Transforming growth factor-beta (TGF-beta) superfamily regulates matrix metalloproteinases (MMP), which intrinsically regulate various cell behaviors leading to metastasis. We investigated the effect of TGF-beta(2) on MMP-2 regulation in human bladder carcinoma cell line 5637. Zymography, ELISA, and real-time polymerase chain reaction revealed that TGF-beta(2) stimulated MMP-2 production, but the transcription of its gene remained unchanged. Wortmannin could not inhibit MMP-2 secretion and activity and conversely the amount of the protein and its enzymatic activity were increased. These data suggest that TGF-beta(2) increased MMP-2 at the posttranscriptional level and this upregulation was independent of phosphatidylinositol 3-kinase signaling pathway.

  6. The enhancement of radiosensitivity by celecoxib, selective cyclooxygenase-2 inhibitor, on human cancer cells expressing differential levels of cyclooxygenase-2

    International Nuclear Information System (INIS)

    Pyo, Hong Ryull; Shin, You Keun; Kim, Hyun Seok; Seong, Jin Sil; Suh, Chang Ok; Kim, Gwi Eon

    2003-01-01

    To investigate the modulation of radiosensitivity by celecoxib, a selective cyclooxygenase-2 (COX-2) inhibitor, on cancer cells over- and under-expressing COX-2. A clonogenic radiation survival analysis was performed on A549 human lung and MCF-7 human breast cancer cell lines incubated in both 1 and 10% fetal bovine serum (FBS) containing media. The apoptosis in both cell lines was measured after treatment with radiation and/or celecoxib. Celecoxib enhanced the radiation sensitivity of the A549 cells in the medium containing the 10% FBS, with radiation enhancement ratios of 1.58 and 1.81 respectively, at surviving fractions of 0.1, with 30 μ M and 50 μ M celecoxib. This enhanced radiosensitivity disappeared in the medium containing the 1% FBS. Celecoxib did not change the radiation sensitivity of the MCF-7 cells in either media. The induction of apoptosis by celecoxib and radiation was not synergistic in either cell line. Celecoxib, a selective COX-2 inhibitor, preferentially enhanced the effect of radiation on COX-2 over-expressing cancer cells compared to the cells with a low expression, and this effect disappeared on incubation of the cells during drug treatment in the medium with suboptimal serum concentration. Apoptosis did not appear to be the underlying mechanism of this radiation enhancement effect due to celecoxib on the A549 cells. These findings suggest radiosensitization by a selective COX-2 inhibitor is COX-2 dependent

  7. The Structure of the Human Centrin 2-Xeroderma Pigmentosum Group C Protein Complex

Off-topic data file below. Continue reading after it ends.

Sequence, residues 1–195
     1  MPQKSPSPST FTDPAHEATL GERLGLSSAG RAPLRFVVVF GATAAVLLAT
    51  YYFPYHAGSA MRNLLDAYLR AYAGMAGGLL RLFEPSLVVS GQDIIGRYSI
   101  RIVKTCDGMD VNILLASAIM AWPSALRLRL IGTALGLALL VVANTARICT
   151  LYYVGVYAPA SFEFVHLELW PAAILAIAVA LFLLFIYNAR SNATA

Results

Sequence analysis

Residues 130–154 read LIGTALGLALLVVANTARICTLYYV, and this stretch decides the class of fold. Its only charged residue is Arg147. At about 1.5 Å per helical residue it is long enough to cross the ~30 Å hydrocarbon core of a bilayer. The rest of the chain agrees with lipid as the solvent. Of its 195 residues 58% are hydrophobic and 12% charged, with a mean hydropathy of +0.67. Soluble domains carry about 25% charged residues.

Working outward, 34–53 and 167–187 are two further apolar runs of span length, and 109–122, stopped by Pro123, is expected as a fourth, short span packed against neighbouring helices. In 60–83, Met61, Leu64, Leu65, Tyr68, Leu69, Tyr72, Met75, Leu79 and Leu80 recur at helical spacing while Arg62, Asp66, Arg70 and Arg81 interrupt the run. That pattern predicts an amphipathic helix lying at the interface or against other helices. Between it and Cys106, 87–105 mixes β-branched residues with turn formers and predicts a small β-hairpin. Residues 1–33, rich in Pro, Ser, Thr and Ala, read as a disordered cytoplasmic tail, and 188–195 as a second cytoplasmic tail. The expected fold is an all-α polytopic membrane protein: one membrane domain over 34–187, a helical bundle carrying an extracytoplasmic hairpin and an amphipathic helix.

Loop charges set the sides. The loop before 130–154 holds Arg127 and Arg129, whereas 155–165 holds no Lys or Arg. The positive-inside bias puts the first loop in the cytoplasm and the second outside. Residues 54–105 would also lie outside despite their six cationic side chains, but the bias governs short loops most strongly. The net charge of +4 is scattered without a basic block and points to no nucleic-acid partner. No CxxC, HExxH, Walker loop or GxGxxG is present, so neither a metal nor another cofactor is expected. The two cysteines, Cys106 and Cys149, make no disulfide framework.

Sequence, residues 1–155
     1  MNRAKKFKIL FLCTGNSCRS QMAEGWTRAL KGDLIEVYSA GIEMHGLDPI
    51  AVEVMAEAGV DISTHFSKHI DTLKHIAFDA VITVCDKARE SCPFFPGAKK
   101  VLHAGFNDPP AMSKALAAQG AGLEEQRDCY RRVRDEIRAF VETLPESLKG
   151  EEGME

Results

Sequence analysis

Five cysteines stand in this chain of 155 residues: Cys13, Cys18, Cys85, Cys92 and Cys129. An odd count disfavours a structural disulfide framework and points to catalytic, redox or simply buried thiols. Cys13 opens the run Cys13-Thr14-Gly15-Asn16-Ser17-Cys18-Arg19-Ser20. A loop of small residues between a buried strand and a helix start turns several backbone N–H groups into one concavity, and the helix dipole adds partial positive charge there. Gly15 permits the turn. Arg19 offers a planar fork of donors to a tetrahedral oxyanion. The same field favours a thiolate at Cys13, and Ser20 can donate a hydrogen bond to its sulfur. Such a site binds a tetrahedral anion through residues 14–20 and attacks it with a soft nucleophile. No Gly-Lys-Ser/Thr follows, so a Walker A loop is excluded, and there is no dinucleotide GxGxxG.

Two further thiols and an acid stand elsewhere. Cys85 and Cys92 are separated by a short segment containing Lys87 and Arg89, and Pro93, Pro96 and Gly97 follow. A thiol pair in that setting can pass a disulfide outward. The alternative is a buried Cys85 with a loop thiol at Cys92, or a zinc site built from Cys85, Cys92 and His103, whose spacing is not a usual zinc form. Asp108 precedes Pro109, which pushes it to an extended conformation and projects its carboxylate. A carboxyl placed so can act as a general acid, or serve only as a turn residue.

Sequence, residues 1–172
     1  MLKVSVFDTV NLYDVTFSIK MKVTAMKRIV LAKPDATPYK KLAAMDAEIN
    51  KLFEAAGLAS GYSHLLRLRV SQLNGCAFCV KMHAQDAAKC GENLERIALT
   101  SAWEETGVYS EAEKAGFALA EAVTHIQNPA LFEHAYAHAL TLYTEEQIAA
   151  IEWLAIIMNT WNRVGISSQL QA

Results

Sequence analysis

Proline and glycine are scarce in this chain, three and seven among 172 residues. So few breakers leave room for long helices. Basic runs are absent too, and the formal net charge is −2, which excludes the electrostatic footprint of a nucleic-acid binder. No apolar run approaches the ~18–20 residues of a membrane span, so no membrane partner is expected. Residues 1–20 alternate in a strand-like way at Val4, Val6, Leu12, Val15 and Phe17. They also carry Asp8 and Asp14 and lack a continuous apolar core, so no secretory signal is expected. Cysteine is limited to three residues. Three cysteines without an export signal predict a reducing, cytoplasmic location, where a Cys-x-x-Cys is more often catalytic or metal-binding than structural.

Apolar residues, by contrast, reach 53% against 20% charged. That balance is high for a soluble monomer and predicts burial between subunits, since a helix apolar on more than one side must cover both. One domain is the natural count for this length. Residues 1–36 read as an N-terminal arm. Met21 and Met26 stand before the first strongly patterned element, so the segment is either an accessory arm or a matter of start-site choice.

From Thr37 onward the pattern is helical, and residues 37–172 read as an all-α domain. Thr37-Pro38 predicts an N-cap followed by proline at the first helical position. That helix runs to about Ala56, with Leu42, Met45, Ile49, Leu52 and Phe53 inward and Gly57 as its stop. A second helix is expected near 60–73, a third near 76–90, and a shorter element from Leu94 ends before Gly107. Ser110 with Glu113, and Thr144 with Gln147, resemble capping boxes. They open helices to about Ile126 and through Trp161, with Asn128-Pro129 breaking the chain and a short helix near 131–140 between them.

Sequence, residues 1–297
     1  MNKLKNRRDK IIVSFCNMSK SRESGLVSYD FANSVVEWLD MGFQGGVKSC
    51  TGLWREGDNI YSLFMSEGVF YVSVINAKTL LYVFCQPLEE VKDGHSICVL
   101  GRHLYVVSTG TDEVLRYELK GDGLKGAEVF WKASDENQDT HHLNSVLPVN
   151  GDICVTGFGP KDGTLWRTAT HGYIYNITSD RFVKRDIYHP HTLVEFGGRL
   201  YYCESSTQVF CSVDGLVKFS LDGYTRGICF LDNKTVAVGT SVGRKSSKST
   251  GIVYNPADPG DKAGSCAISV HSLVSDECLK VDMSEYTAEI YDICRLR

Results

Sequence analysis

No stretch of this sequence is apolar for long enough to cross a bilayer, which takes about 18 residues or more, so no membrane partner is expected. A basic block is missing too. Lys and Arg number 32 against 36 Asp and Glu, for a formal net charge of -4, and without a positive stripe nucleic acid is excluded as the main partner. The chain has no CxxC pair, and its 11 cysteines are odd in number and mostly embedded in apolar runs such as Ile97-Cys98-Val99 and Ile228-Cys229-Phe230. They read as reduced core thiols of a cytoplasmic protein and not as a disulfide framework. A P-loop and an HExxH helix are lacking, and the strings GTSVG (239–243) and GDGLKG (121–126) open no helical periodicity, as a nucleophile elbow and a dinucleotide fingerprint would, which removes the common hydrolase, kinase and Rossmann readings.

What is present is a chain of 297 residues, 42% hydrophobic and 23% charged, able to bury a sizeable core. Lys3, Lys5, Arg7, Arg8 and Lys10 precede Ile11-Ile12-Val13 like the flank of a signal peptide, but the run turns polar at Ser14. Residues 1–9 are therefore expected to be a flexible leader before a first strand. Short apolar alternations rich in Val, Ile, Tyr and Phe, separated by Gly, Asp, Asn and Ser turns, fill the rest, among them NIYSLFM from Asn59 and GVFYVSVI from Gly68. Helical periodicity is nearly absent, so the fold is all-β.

Energy Technology Data Exchange (ETDEWEB)

    Thompson,J.; Ryan, Z.; Salisbury, J.; Kumar, R.

    2006-01-01

    Human centrin-2 plays a key role in centrosome function and stimulates nucleotide excision repair by binding to the xeroderma pigmentosum group C protein. To determine the structure of human centrin-2 and to develop an understanding of molecular interactions between centrin and xeroderma pigmentosum group C protein, we characterized the crystal structure of calcium-loaded full-length centrin-2 complexed with a xeroderma pigmentosum group C peptide. Our structure shows that the carboxyl-terminal domain of centrin-2 binds this peptide and two calcium atoms, whereas the amino-terminal lobe is in a closed conformation positioned distantly by an ordered {alpha}-helical linker. A stretch of the amino-terminal domain unique to centrins appears disordered. Two xeroderma pigmentosum group C peptides both bound to centrin-2 also interact to form an {alpha}-helical coiled-coil. The interface between centrin-2 and each peptide is predominantly nonpolar, and key hydrophobic residues of XPC have been identified that lead us to propose a novel binding motif for centrin.

  8. The Structure of the Human Centrin 2-Xeroderma Pigmentosum Group C Protein Complex

    International Nuclear Information System (INIS)

    Thompson, J.; Ryan, Z.; Salisbury, J.; Kumar, R.

    2006-01-01

    Human centrin-2 plays a key role in centrosome function and stimulates nucleotide excision repair by binding to the xeroderma pigmentosum group C protein. To determine the structure of human centrin-2 and to develop an understanding of molecular interactions between centrin and xeroderma pigmentosum group C protein, we characterized the crystal structure of calcium-loaded full-length centrin-2 complexed with a xeroderma pigmentosum group C peptide. Our structure shows that the carboxyl-terminal domain of centrin-2 binds this peptide and two calcium atoms, whereas the amino-terminal lobe is in a closed conformation positioned distantly by an ordered α-helical linker. A stretch of the amino-terminal domain unique to centrins appears disordered. Two xeroderma pigmentosum group C peptides both bound to centrin-2 also interact to form an α-helical coiled-coil. The interface between centrin-2 and each peptide is predominantly nonpolar, and key hydrophobic residues of XPC have been identified that lead us to propose a novel binding motif for centrin

  9. Esterification of xanthophylls by human intestinal Caco-2 cells.

    Science.gov (United States)

    Sugawara, Tatsuya; Yamashita, Kyoko; Asai, Akira; Nagao, Akihiko; Shiraishi, Tomotaka; Imai, Ichiro; Hirata, Takashi

    2009-03-15